One of the most authoritative and up-to-date piracy sources we know of is the American National Geospatial-Intelligence Agency (NGA). E.g., their Daily Memorandum/Pacific Edition, such as today’s sample of piracy-related reports:
WESTERN INDIAN OCEAN.
POSSIBLE MOTHERSHIP ACTIVITY IN 01-42S 055-02E AT 030739Z FEB. VESSELS ARE ADVISED TO KEEP 100 MILES CLEAR OF THIS POSITION AND TO EXERCISE EXTREME CAUTION. REPORTS TO UKMTO DUBAI, PHONE: 97 150 552 3215, E-MAIL: UKMTO@EIM.AE.
(031432Z FEB 2011)
M/V ATTACKED IN 16-29N 065-57E AT 031431Z FEB. VESSELS PASSING WITHIN 100 MILES ARE ADVISED TO EXERCISE EXTREME CAUTION. REPORTS TO UKMTO DUBAI, PHONE: 9 715 0552 3215, E-MAIL: UKMTO@EIM.AE.
and their weekly Worldwide Threats to Shipping Reports.
02.02.2011: 0830 UTC: Posn: 20:16N – 063:36E, 225nm ESE of Ras al Hadd, Oman, (Off Somalia).
About eight pirates in two skiffs armed with RPG and automatic weapons chased and fired upon a tanker underway. The tanker raised alarm, increased speed, contacted warship for assistance. The two skiffs kept firing with automatic weapons. Warship arrived at location and the skiffs stopped chasing and moved away. A helicopter from a warship arrived at location and circled the tanker. The helicopter contacted the pirates by VHF radio and ordered them to surrender their weapons. Pirates replied that they would kill the Iraqi and Pakistani hostages held onboard the mother ship if the warships attacked the skiffs.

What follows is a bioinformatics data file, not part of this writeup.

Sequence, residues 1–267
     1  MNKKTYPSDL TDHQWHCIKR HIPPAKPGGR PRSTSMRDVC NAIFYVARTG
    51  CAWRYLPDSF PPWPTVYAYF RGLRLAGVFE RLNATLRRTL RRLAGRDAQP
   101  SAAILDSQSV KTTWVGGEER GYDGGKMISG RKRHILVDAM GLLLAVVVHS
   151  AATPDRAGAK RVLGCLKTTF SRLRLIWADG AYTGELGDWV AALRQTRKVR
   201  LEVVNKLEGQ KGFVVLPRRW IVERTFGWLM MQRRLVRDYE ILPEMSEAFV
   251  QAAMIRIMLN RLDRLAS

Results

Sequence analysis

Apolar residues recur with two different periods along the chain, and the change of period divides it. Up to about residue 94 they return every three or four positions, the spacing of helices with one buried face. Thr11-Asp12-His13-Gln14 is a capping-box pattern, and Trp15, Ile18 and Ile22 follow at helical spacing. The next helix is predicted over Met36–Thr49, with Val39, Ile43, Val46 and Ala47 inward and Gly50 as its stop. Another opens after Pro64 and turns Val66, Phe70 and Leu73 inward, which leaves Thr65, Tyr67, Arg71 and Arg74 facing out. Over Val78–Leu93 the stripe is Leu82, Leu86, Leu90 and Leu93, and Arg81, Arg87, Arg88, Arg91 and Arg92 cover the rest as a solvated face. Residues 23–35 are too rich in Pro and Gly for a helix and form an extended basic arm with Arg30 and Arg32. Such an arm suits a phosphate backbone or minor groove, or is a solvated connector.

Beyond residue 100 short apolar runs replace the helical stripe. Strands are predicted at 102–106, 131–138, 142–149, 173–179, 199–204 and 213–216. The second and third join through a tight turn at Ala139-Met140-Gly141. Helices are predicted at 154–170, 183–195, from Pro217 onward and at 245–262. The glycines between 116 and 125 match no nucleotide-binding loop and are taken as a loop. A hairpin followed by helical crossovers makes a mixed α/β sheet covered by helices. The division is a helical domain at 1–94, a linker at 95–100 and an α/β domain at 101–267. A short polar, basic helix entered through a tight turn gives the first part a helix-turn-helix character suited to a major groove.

Wired.com follows piracy, and sometimes produces excellent graphics, like this one on Somalian Piracy (which Wired borrowed from Wikipedia):
While not a reliable source, here is some anecdotal background. In 2009 Wired examined the Somali pirate business model. For interviews with both the Danish shipping CEO and the pirate negotiator, see our earlier dispatch Pirates Have Timesheets on a four-part NPR series. Also Somali pirates launch stock market.